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How Much Would the Obama Budget Reduce the Deficit? Part 2 (Updated)

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Controversy continues over whether President Obama's fiscal year 2013 budget would reduce deficits by $4 trillion over ten years. As we've previously written, however, the $4-trillion figure is a sound one, is based entirely on Congressional Budget Office (CBO) data, and does not include any gimmicks or any savings from winding down the wars in Iraq and Afghanistan.

In a new paper, my colleague Richard Kogan estimates that the budget plan from presidential deficit commission co-chairs Erskine Bowles and Alan Simpson calls for $6.3 trillion in deficit reduction over fiscal years 2013-2022.

As Kogan also explains, policymakers have already enacted about half of Bowles-Simpson's nearly $2.9 trillion of program cuts. CBO data show that because of the caps on discretionary funding in last year's Budget Control Act (BCA) and cuts in discretionary spending enacted earlier in 2011, discretionary spending will be $1.5 trillion lower over 2013-2022 than under the CBO baseline in use when the Bowles-Simpson commission deliberated (that is, CBO's August 2010 baseline). Including the associated interest savings, the total budget savings enacted since Bowles-Simpson issued its report equal $1.7 trillion. The $6.3 trillion estimate of savings under Bowles-Simpson includes this $1.7 trillion in savings.

Thus, for an apples-to-apples comparison with the Bowles-Simpson plan, the $1.7 trillion in budget savings enacted last year has to be counted in the estimate of President Obama's budget as well.

CBO data also show that the President's fiscal year 2013 budget would produce $2.3 trillion in new savings over ten years relative to a current-policy baseline. That's the baseline approach that Bowles and Simpson, the Senate's "Gang of 8," and the Committee for a Responsible Federal Budget (CRFB), among others, now use and that the congressional "supercommittee" used last year. Adding the $2.3 trillion in new savings that Obama has proposed to the $1.7 trillion enacted last year, the total comes to $4 trillion.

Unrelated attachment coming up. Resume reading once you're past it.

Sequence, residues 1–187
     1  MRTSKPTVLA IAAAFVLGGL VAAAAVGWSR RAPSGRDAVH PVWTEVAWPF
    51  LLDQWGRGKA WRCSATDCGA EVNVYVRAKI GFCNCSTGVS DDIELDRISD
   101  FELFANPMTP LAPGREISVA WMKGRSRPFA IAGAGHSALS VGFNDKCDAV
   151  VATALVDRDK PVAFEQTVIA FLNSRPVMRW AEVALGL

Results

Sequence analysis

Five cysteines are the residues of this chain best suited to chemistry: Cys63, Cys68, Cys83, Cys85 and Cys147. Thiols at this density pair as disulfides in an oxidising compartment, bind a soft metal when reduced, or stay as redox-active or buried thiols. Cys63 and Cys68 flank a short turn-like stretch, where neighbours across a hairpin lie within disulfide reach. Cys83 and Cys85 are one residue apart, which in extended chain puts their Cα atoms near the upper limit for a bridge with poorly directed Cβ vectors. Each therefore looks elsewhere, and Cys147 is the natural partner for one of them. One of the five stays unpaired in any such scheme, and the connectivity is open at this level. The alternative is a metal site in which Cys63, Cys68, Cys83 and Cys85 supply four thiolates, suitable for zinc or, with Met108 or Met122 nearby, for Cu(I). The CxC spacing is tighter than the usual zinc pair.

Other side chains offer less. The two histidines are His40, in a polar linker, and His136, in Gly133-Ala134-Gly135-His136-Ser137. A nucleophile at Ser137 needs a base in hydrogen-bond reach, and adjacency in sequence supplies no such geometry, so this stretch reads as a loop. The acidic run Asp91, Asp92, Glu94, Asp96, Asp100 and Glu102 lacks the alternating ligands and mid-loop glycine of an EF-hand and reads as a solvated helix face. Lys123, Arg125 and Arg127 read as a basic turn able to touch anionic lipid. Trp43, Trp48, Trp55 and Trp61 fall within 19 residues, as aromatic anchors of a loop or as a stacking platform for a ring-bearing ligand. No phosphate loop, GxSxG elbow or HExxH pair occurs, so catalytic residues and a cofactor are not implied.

Moreover, CRFB's estimate of the amount that the 2013 Obama budget would save is virtually identical to ours. And as Politifact's corrected version of its analysis of this issue recently noted, the $4 trillion total is accurate if you count the savings enacted in 2011.

Should those savings be counted? If you want to compare Obama's budget, or House Budget Committee Chairman Paul Ryan's, or anyone else's to Bowles-Simpson, then you have to count savings that Bowles-Simpson proposed and counted and that have since been enacted into law. If you don't, the comparison won't be valid.

Note: This blog has been updated from a previous version in which we cited Washington Post fact-checker Glenn Kessler as among those who question the claim that President Obama's fiscal 2013 budget would reduce deficits by $4 trillion over 10 years. In communication with the Center and in a revision of his own blog, Kessler has since clarified that he was questioning, instead, President Obama's claim that his budget would generate $1 in tax increases for every $2.50 in spending cuts. Thus, our updated blog post on the issue, above, does not cite Kessler.